The LWF Blog
Fire Safety for Healthcare Premises – High Risk Fire Hazards & Precautions – Part 97October 14, 2019 1:03 pm
In LWF’s blog series for healthcare professionals, our aim is to give information on best practice of fire safety in hospitals and other healthcare premises. In part 96, LWF began discussing radioactive substances and registration procedures, including local fire authority reporting and mandatory signage. In part 97, we will continue looking at what measures should be taken in a healthcare environment which uses and stores radioactive substances.
Periodic fire safety reviews of radioactive substances should be undertaken and any new or changed practices should be noted, with the results being reported to the local fire authority with the aim of maintaining the effectiveness of the agreed fire emergency procedures and instigating any necessary changes. While most relevant changes relate to the radioactive substances themselves, the changes might include any potential fire risks in the area close to radioactive storage or use.
The Fire Service will attend a fire at premises where radioactive materials are stored or used, armed with suitable radiation monitors and protective clothing to protect them from any anticipated risks. It is not possible for them to guard against any unanticipated risks and so any further provisions that might be necessary should be considered at the time of the review.
The protective equipment used in a fire situation should be checked and monitored afterwards for the presence of any radioactive contamination and dealt with accordingly. Fire Safety Managers should arrange for suitably qualified healthcare professionals to be available for the provision of authoritative advice at times of review and in case of a fire emergency.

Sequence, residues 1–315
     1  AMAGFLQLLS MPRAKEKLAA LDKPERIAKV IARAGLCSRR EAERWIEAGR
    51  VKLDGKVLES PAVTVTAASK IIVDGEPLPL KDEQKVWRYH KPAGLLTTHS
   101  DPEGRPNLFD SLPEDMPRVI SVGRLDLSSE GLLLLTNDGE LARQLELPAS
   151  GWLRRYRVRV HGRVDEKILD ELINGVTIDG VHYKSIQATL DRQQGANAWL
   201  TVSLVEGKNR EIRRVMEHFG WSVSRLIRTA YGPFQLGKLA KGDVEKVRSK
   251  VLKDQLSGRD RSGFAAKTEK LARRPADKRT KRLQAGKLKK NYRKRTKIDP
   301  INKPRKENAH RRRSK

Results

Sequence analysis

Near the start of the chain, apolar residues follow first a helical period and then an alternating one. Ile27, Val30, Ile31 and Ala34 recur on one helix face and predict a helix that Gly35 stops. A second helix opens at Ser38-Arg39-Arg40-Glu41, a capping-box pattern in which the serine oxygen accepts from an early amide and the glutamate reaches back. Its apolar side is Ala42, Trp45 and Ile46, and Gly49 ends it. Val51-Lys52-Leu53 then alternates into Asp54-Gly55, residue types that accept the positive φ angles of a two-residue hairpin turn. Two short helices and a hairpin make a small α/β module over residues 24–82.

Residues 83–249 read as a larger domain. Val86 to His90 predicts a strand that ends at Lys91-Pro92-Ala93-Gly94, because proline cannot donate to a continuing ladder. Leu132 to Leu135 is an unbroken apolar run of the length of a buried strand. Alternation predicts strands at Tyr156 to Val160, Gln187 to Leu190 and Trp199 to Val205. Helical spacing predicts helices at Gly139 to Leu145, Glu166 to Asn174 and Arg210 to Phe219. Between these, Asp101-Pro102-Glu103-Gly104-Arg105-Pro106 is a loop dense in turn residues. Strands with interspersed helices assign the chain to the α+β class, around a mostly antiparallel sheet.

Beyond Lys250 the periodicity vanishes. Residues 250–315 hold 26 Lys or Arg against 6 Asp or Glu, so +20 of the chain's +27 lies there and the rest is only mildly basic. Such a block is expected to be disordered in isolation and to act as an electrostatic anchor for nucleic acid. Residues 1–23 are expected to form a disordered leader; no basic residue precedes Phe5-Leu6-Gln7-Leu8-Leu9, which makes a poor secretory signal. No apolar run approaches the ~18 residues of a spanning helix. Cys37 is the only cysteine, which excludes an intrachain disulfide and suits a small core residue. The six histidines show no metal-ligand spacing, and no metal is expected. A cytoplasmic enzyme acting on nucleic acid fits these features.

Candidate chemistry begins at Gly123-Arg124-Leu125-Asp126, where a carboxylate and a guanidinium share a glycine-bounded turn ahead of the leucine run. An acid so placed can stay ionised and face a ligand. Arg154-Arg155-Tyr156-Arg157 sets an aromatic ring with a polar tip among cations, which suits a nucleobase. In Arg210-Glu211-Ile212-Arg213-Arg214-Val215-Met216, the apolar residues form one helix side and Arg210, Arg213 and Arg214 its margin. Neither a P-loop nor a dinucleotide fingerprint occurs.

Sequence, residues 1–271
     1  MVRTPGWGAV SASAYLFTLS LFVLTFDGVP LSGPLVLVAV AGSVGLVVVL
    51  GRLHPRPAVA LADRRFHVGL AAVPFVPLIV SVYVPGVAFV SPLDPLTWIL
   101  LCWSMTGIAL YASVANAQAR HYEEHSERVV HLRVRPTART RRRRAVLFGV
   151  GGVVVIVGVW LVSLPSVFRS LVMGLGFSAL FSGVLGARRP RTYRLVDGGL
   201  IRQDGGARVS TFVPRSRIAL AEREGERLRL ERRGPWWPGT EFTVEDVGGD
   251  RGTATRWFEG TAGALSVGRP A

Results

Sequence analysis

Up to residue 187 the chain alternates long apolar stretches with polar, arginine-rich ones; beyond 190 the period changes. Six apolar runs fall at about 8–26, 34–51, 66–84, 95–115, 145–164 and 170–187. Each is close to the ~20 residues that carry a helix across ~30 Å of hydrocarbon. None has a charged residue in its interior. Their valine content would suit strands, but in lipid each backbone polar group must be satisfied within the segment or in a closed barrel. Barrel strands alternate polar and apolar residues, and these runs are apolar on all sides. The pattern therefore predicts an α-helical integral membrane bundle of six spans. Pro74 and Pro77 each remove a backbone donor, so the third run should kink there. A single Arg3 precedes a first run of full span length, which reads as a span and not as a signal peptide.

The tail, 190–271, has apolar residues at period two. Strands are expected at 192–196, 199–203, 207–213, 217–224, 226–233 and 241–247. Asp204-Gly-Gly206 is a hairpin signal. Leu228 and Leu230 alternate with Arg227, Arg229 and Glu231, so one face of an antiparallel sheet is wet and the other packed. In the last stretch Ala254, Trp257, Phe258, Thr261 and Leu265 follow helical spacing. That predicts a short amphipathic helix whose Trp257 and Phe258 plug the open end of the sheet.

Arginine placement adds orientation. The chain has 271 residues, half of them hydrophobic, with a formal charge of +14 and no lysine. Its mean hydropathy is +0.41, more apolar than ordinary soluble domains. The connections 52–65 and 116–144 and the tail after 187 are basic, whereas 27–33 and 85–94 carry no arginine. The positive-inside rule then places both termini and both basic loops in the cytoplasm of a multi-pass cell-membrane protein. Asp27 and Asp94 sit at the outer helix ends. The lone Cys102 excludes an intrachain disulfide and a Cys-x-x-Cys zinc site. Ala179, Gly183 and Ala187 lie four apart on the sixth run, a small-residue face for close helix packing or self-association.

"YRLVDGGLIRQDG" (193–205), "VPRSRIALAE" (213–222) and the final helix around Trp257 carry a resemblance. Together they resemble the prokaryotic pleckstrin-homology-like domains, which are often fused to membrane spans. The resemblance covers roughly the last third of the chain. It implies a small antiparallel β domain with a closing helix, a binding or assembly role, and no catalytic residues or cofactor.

Care should be taken in a fire situation when evacuating patients who are receiving treatment or diagnosis involving radioactive substances. Particular care should be taken to avoid injury to any patient and these in particular while they are being moved.
Patients who are undergoing radiotherapy may need to be segregated from other patients and staff during an evacuation process. In particular, care should be taken not to expose any pregnant patients or staff to radiation. The special measures required must be organised beforehand and should form a part of the pre-arranged evacuation strategy.
In part 98 of this series, LWF will begin to look at how X-ray film should be stored depending upon its age and where it was produced. In the meantime, if you have any questions about this blog, or wish to discuss your own project with one of our fire engineers, please contact us.
Lawrence Webster Forrest has been working with their clients for over 25 years to produce innovative and exciting building projects. If you would like further information on how LWF and fire strategies could assist you, please contact LWF on freephone 0800 410 1130.
While care has been taken to ensure that information contained in LWF’s publications is true and correct at the time of publication, changes in circumstances after the time of publication may impact on the accuracy of this information.